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The Central Otago summer race circuit continued to be a “must-do” on calendars, drawing crowds of holidaymakers and attracting trainers from throughout the South Island.

Made up of three race meetings Roxburgh and Cromwell trots lights and vaccine passports to continue this season.

The Omakau trots returned with record crowds and scorching temperatures stark contrast to last year when heavy rain and surface flooding forced the event’s cancellation.

Harness racing driver Ricky May was back at the races for the first time since suffering a heart attack on the track two years ago and said despite that incident, Omakau still held good memories for him.

“I’ve won the Omakau Cup three times, I think. it’s definitely a lovely place to come to.

“I said I’d always come back, so I’m here. And you know, if I win a race that would be a bonus [he did not],” he said.

Central Otago Trotting Club president Graham Sinnamon

said he believed the club had prepared well in the current environment, implementing vaccine passports and other Covid-19 measures.

“We wanted to make sure we had it absolutely right so people would have the confidence to come here.”

The event was run by volunteers and benefited the wider community, he said.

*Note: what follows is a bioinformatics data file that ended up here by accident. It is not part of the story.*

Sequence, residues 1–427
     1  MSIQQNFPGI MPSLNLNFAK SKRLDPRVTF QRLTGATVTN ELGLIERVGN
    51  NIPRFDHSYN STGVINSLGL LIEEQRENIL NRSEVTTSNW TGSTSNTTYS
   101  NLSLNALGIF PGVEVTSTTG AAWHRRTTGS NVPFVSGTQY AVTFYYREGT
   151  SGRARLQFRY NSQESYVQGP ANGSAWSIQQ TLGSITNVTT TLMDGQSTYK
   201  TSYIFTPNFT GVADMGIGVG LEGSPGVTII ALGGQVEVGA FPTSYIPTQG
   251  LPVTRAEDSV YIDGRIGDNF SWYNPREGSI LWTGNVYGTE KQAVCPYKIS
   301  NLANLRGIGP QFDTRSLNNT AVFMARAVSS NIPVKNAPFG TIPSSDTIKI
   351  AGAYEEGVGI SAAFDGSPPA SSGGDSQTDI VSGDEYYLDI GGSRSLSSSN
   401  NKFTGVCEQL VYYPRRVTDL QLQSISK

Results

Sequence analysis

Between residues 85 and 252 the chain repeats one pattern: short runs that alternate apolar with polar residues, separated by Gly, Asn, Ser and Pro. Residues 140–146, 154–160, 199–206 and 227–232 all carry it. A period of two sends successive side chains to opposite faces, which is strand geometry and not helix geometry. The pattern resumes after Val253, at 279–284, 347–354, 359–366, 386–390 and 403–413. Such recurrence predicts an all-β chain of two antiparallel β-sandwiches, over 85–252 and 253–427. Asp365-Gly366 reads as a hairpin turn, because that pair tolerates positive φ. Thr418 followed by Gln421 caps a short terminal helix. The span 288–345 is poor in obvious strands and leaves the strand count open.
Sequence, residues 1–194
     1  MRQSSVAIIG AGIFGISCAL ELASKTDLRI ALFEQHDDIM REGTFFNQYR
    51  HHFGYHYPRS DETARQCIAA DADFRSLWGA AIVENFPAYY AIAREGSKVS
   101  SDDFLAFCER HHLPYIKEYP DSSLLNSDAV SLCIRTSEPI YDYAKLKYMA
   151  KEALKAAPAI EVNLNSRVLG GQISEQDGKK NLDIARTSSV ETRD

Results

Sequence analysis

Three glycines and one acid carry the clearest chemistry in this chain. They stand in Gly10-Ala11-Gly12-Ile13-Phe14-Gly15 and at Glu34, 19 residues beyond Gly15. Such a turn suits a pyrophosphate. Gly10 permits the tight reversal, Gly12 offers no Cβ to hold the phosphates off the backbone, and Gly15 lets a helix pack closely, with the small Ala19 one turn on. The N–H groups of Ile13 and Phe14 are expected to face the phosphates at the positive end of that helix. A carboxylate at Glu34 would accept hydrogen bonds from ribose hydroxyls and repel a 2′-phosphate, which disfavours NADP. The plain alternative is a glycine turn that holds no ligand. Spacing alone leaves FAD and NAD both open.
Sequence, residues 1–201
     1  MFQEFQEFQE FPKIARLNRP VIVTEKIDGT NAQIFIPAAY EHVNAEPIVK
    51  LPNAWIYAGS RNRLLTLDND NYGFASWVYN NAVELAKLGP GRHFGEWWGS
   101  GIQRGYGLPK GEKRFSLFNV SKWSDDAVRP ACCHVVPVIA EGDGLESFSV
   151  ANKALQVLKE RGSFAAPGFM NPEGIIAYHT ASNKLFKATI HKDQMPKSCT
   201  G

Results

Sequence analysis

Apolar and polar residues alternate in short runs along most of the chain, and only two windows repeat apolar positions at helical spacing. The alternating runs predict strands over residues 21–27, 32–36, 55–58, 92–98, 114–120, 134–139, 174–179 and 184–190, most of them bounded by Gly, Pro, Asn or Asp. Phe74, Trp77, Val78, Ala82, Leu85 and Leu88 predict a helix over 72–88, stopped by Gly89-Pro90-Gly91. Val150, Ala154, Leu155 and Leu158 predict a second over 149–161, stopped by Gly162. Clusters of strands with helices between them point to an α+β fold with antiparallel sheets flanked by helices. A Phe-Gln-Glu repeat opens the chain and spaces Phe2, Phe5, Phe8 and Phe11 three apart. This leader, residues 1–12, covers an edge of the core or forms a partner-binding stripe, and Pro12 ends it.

“If we get it right it doesn’t just benefit us, the ripple effect goes right on.”

In Roxburgh, horse numbers and spectator numbers were on a par with previous years, with about 2000 punters attending.

Among them was Bernie Forde, who had attended the Roxburgh trots all but once since the event’s inception 71 years ago.

The Southlander reckoned racing had become part of his DNA.

“I was born in Wairio, about a mile from the racecourse. I have been around racing and horses my whole life.”

He moved to Winton about 15 years ago but the annual festive racing circuit remained a constant, he said.

“Fortunes are made and lost. There is just something about it that hooks you in.”

Roxburgh Trotting Club committee president David Parker said the annual race meeting was a tradition but not a money-spinner and this year’s event had been complicated by the Covid-19 traffic light system.

“There were concerns. Our focus is always very heavily on families and entertaining the crowds and right up to early December we were not sure if we could even do it.”

But the event was more for the community.

Often three or more generations of the same family attended, he said.

The Wyndham Harness Racing Club has hosted its annual race day at the Cromwell Racecourse since 2008.

Club past president Russell Cromwell Trotting Club used to hold races. However after losing its race day, it approached other clubs to hold a meeting in Cromwell.

The Wyndham Harness Racing Club took up the challenge.

But it was not smooth sailing in the beginning, former committee member and trainer Brendan Fahy recalled.

“The first two meetings were touch and go; the costs were quite high,” he said.

The committee and volunteers persisted, with the event now a popular addition to people’s holiday itinerary, he said.

Fourteen years on, the action off the track has become as much of a drawcard as the horses themselves.

From the in vogue stylings of the fashion on the field catwalk to the children’s sack race and best car boot picnic, there was plenty to keep punters occupied.